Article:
The Medicare Shared Savings Program and the Pioneer Accountable Care Organizations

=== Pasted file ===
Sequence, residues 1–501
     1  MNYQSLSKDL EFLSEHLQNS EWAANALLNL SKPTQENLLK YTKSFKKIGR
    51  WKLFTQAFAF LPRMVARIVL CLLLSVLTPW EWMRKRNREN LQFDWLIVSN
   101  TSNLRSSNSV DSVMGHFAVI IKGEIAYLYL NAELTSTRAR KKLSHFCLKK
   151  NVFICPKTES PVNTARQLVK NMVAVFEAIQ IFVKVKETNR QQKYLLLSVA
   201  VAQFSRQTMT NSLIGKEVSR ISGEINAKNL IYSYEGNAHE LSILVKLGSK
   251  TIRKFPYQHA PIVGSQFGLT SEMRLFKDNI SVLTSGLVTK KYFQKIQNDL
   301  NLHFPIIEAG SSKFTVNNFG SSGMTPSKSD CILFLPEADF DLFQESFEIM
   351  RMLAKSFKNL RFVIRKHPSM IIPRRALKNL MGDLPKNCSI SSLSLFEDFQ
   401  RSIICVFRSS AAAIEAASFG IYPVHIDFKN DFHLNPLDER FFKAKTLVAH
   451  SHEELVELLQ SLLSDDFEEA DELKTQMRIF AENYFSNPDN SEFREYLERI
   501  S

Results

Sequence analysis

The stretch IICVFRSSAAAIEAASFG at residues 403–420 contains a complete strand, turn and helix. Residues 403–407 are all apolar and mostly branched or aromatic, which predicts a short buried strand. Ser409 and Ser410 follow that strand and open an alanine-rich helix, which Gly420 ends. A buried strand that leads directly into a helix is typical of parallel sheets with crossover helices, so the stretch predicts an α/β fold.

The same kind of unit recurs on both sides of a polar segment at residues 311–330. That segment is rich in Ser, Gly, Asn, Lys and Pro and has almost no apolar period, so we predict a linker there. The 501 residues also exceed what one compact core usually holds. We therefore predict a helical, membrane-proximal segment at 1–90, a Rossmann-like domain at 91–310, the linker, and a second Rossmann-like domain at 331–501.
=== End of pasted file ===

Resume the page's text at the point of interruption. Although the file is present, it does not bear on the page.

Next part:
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1 The Medicare Shared Savings Program and the Accountable Care Organizations Promoting and evaluating accountable care organizations Victoria Boyarsky, FSA, MAAA Rob Parke, FIA, ASA, MAAA Peer reviewed by Bill O Brien, FSA, MAAA Healthcare costs have been on the rise over the last few years and there are growing concerns over the financial stability of the Medicare program. There are also concerns regarding the aging of the Baby Boomers, the increase in average age of enrollees, and an insufficient tax base to cover future funding of the Medicare program. The Patient Protection and Affordable Care Act (PPACA) signed into law on March 23, 2010, attempts to address some of these growing concerns by implementing laws and programs aimed at reducing healthcare costs. The Medicare Shared Savings Program () as well as the program are just two such initiatives. The Center for Medicare and Medicaid Innovation (CMMI) was established to develop and evaluate various alternative payment models that allow for the creation of accountable care organizations (ACOs) and other cost-containment programs to be tested with regard to how well they integrate and coordinate care, improve quality, and reduce healthcare costs. To date, the CMMI has developed several demonstration projects, including the ACO program, among others. The, enacted as part of the PPACA, will be a permanent program to encourage further development and formation of ACOs. Each of these programs encourages formation of ACOs to care for traditional Medicare feefor-service beneficiaries, and to improve care and quality of these patients while reducing healthcare costs. Accountable care organizations are an emerging concept whereby provider groups and hospitals join together to coordinate the care of, and achieve quality improvements and reductions in spending for, a specified population. The concept of ACOs has become increasingly recognized due to the passage of the PPACA. The goals of ACOs are to control future health care costs and increase access to affordable health insurance coverage while promoting and rewarding quality care. Providers may want to form ACOs and participate in these programs for many reasons, including the need to increase or maintain market share and the possibility to share in savings resulting from improved care coordination. This paper compares the and ACOs and outlines their key features in terms of six major areas: payment arrangements, beneficiary alignment, interim payment methodology, benchmark methodology, trending methodology, and calculation of shared savings/losses. OVERVIEW 1. The is a permanent program to encourage development of ACOs, which must agree to: Accept risk for at least 5,000 Medicare fee-for-service beneficiaries, who will be free to choose their own healthcare providers, for a period of three years, with CMS monitoring compliance with respect to eligibility, quality performance, and data reporting requirements. Be held to a benchmark under which they may realize savings or losses. 2. The CMMI s ACO program develops and evaluates alternative payment models to test how well ACOs and other cost-containment programs integrate and coordinate care, improve quality, and reduce healthcare costs. The ACO must agree to accept risk for at least 15,000 Medicare fee-for-service beneficiaries (5,000 in rural areas), for a period of three years or less, with CMS having the option of extending the contract an additional two performance years for compliant ACOs. ACOs will be paid on a fee-for-service basis for the first two performance periods and if savings are achieved and program requirements are met during the first two performance years, and the ACO will transition to population-based payments during the third and subsequent two optional performance years. inherently includes more risk but also provides greater potential rewards.